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We are residents of Orlando, FL and need help with medical debt for lab test. In summary

- the test was performed in Nov 2012, and the insurer had pre-approved this out-of-network lab as in-network

- the insurer and lab went back and forth over the bill and are still going back and forth over the bill, now with my employer’s HR involved

- we never received a bill from the lab, despite us updating our address with them and USPS with our new address

- On March 17, 2015, we received notice (dated March 10) from a collection agency for a $19K debt that includes $2600 of interest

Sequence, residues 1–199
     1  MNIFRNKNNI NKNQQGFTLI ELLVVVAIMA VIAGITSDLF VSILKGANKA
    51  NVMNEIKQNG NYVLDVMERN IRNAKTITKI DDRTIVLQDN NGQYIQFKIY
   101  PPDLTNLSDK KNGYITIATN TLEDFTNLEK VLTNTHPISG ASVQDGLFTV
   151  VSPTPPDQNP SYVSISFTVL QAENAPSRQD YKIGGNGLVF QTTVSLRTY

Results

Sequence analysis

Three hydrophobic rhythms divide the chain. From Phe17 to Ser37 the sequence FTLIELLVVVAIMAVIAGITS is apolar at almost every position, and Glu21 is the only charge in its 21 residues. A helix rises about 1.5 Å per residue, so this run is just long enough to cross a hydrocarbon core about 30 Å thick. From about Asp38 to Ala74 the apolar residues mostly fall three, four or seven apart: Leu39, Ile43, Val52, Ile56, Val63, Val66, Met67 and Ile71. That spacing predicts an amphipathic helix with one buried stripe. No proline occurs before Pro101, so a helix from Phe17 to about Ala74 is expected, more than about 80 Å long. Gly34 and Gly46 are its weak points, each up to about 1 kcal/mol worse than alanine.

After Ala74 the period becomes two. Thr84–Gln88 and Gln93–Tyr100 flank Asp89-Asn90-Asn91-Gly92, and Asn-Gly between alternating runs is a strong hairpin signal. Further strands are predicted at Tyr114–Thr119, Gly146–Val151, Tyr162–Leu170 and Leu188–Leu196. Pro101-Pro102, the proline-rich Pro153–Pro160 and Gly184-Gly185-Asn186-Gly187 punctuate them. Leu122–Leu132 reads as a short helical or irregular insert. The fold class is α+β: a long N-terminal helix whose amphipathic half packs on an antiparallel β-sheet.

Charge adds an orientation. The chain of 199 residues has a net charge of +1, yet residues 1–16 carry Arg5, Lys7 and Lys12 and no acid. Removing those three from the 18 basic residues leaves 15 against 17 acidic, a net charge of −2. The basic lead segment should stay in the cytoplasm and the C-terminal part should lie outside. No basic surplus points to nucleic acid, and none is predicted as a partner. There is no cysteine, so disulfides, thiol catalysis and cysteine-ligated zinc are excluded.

- The lab claims they cannot take it back from the collections agency

- Lab has not responded to a request for the debt amount; instead, they sent a patient ledger dated Apr 8, 2015 that shows patient responsibility of zero for every test; note, they do not have a phone

 

My questions:

- Other than a request for debt verification to the collection agency, what should I do?

- Who do I negotiate with, the lab or the collection agency?

- Does the fact the insurer is still working on it (based on contacting the employer again) have any relevance?

- Is there a risk they could damage my credit score?

 

Details:

 On March 17, we received a letter from a collection agency, claiming medical debt of $ 19k, that is inclusive of an interest amount of $2,600.